Birmingham-based entertainment software house CentreGold Plc was in celebratory mood yesterday as its first interim results since flotation showed profits and turnover up. The company, which came to market last October (CI No 2,270), managed to off-set lower margins on cartridge sales with a growth in turnover and tighter stock control. Consequently, the firm’s net […]
Birmingham-based entertainment software house CentreGold Plc was in celebratory mood yesterday as its first interim results since flotation showed profits and turnover up. The company, which came to market last October (CI No 2,270), managed to off-set lower margins on cartridge sales with a growth in turnover and tighter stock control. Consequently, the firm’s net profit grew 22.7% to UKP1.7m, while turnover soared 43.6% to UKP52.6m. The company splits into two main arms – the distribution side incorporates CentreSoft, while the publishing division houses US Gold Ltd. The publishing sector saw operating profit fall although turnover grew; chief executive Geoff Brown blamed this largely on the decline in sales and margins of cartridge products in Europe, due to higher technical specifications on the cartridges. Even so, cartridge software sales have grown 126% to UKP19.2m, mainly as a result of the firm’s marketing deal with Nintendo Co, which gave birth to the Winter Olympics product for the Super Nintendo and Gameboy machines. US Gold has titles on three Nintendo formats at present, and there will be a further three titles by the end of the fiscal year including World Cup and the Incredible Hulk. The company had already invested UKP541,000 in the World Cup game by January 31, but says that it will probably pay for itself on the first day of release this summer. Also, US publishing sales in general have increased 215% to UKP8.5m. The company is switching some of its attention away from cartridge market because of the depressed margins, and into CD-ROM production, where margins are said to be similar to floppy disk production. CD-ROM sales have also grown, partly as a result of the firm’s KIXX budget software label, which includes budget CD-ROM titles.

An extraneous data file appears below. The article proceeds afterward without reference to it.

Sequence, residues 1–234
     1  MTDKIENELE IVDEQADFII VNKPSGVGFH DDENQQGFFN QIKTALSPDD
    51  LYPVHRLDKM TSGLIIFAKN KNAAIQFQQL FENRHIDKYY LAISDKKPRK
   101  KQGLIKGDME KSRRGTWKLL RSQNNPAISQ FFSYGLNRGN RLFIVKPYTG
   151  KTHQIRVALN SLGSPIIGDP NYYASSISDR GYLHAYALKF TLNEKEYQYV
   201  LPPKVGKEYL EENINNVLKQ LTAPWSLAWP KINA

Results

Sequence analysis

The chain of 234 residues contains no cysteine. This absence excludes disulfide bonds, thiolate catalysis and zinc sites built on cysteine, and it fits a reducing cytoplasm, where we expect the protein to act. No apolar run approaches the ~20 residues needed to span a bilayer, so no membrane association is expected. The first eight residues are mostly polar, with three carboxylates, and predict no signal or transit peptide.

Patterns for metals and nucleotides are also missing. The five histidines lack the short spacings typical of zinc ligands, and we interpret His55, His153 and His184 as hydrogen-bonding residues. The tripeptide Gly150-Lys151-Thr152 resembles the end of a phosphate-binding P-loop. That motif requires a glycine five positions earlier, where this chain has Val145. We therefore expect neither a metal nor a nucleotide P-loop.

No piracy problem
Brown mentioned that there is virtually no piracy problem with cartridges or CD-ROMs, whereas it is rife on the floppy disk formats. The company is moving to restructure the distribution of its own titles in the UK and Europe. Until March 1, the UK distribution of US Gold titles was handled by Sega Europe, which bought the titles from US Gold and paid the latter a sales-linked royalty. The new deal sees US Gold distributing through CentreGold’s own distribution firm CentreSoft – from September, this will happen throughout Europe, too, and CentreGold is hoping that this will increase profitability. The company is also hoping to boost profits by negotiating cartridge assembly terms in the US and on the continent. At the moment cartridges are made in Japan. On the distribution side, turnover has jumped 19.5% to UKP26.4m in the half, fuelled by sales to specialist retail chains and a distribution agreement for Microsoft Corp’s entertainment products. The margin on profits decreased to 15.4% from 16.2% in the light of flat publishing margins, but the PDQ distribution service for third parties increased profits after signing some new customers. Brown was meanwhile busy trying to smooth over the closure of the firm’s Electric Dreams retail subsiduary, which he said wasn’t worth worrying about – despite the UKP85,000 that it cost CentreGold. We’re not a retailer, he said. The whole group now gets roughly 30% of turnover from overseas; 17.4% comes from the US, while 16.9% comes from Continental Europe and elsewhere. Other highlights are its cash reserves, which leaped to UKP10.6m from UKP560,000 as a result of the flotation. The dividend is 0.8 pence and earnings per share rose by 5% to 4.70 pence.